In the unique career situation I have stumbled into these last few years, here are some of the most common questions I am asked at my workplace, in no particular order — ‘Wait, you’re Australian?’; ‘Are your parents Irish?’; ‘What made you play this music?’.
Outside of the job, my friends, family and acquaintances have their own variations on such queries — ‘I mean that’s great, good for you, but I don’t get it’; ‘When are we gonna have a jam like the old days?’; ‘Hang on a sec, weren’t you gunning for a PhD?’. Not to forget my personal favourite, common to both groups — ‘So… you play banjo for a living?!’.
Of course, most of these people get a kick out of hearing about someone that has an interesting career, but on reflection, I understand the place where the surprise or incredulity comes from. The world that myself and my like–minded musical peers inhabit can be hard to fathom from the outside: foreign and familiar, arcane and welcoming, reverent and raucous.
So, the drift is, I’m an Australian who plays and lives traditional Irish music, and a proper explanation is overdue.
After years of waxing lyrical in rowdy pubs between sets, I’ve honed my elevator speech down to something like this: a jobbing bass guitarist, capable enough to fill in at short notice for a few gigs, more gigs arise, appreciation for the music increases, the offer of more work if a traditional instrument was learnt, appreciation skyrockets via the new vessel (the noble tenor banjo). That, however, is a story unto itself, the story of the band that took me to where I am now and where I will continue to go.
The less tangible qualities of the music’s full meaning to me are the things that fill the gaps between the gigs and general ego–reinforcement.
One Monday night a few weeks ago, after many other musicians had left a busy seisúin (more on this later), myself and a few others found ourselves gathered around an older gentleman playing the fiddle. He played tune after tune, imparting little nuggets of their particular stories between the music. He played a piece his father taught him 50 or 60 years ago that he had only remembered in the last month, and at that point the small but rapt audience exchanged a little grin of acknowledgement — this was folk music.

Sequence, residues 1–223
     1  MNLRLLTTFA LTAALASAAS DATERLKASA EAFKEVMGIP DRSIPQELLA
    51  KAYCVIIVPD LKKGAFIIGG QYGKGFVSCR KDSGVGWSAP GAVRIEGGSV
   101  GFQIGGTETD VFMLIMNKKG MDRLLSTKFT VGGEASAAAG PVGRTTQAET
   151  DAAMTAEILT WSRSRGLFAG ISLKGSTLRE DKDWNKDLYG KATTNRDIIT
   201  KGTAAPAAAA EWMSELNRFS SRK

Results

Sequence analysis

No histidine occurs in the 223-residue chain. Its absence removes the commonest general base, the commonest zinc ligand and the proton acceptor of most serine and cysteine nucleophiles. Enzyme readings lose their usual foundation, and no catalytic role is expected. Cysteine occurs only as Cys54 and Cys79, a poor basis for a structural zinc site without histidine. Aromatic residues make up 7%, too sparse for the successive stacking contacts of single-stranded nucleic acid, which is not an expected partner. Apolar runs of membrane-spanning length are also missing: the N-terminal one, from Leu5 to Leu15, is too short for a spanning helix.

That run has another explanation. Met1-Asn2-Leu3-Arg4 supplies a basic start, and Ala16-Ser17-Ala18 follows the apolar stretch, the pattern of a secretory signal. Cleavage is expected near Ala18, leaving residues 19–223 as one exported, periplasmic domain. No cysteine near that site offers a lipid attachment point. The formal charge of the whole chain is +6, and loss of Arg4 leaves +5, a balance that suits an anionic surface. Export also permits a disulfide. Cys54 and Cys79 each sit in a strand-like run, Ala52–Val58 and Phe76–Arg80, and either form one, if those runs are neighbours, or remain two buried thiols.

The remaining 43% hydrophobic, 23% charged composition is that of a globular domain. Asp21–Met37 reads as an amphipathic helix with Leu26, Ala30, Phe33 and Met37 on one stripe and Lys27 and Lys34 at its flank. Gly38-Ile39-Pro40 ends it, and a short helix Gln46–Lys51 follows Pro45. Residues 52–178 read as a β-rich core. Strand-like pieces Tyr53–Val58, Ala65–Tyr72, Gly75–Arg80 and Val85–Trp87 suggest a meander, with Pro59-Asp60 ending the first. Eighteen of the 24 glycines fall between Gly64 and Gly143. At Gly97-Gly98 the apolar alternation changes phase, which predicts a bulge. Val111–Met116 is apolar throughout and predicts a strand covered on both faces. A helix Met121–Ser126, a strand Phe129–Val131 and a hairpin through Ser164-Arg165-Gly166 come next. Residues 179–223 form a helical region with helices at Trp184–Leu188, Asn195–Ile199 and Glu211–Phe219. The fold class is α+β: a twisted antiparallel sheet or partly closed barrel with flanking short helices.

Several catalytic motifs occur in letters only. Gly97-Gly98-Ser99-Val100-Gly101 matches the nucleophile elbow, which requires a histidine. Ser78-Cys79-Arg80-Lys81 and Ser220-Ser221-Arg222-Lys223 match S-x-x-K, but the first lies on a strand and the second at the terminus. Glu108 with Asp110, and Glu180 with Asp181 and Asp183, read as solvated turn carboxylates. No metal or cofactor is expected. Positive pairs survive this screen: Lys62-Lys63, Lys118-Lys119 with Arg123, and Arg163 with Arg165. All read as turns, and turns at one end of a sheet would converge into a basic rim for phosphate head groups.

It’s there in so many things we listen to, be it the way that the blues and jazz evolved from African traditions, in turn shaping pop, rock and urban music from their inception to the present day, or the way new songs sprang out of re-imagined material in the American folk revival of the 50’s and 60’s, or the nationalistic movement in classical music through the late 19th and early 20th centuries, which saw great composers drawing on the historic themes of their native lands to create so many enduring masterpieces.
But it’s all a bit distant from the actual thing.
Simpler, more traditional origins boil underneath the multitude of forms music presents itself in, or at the very least are exploited for their ability to furnish the music with a ready-made sentimentality. The evocative power folk music has when leveraged within other styles was obvious to a certain budding composer, who swore he would engage with as many facets of musical expression as possible. Indeed, after time, this ‘resource’ seemed too powerful, and to his increasingly cynical and critical artistic sensibility, it seemed false or trite to engage in any traditional culture without irony or frivolity. Yes, my friends — I believed for a long time that I had no place in any culture, and that there was no point in making music unless its purpose was to sail gloriously into the future!
Being futuristic can be exhausting and very often disappointing. On its own, it requires a serious amount of optimistic self–belief that few people can sustain. Don’t get me wrong, the years spent in a state of tortuous wonderment were brilliant and incredibly rewarding and, as many times before, I have made a solemn vow to return to the future, at some appropriate time in the future.
So anyway, said the rambling man, sometimes we need a distraction. And sometimes the distraction becomes the thing. Before the experience with the fiddler, there were many more of its kind, and so I’ll share a few more moments in which I was superbly distracted by Irish folk music.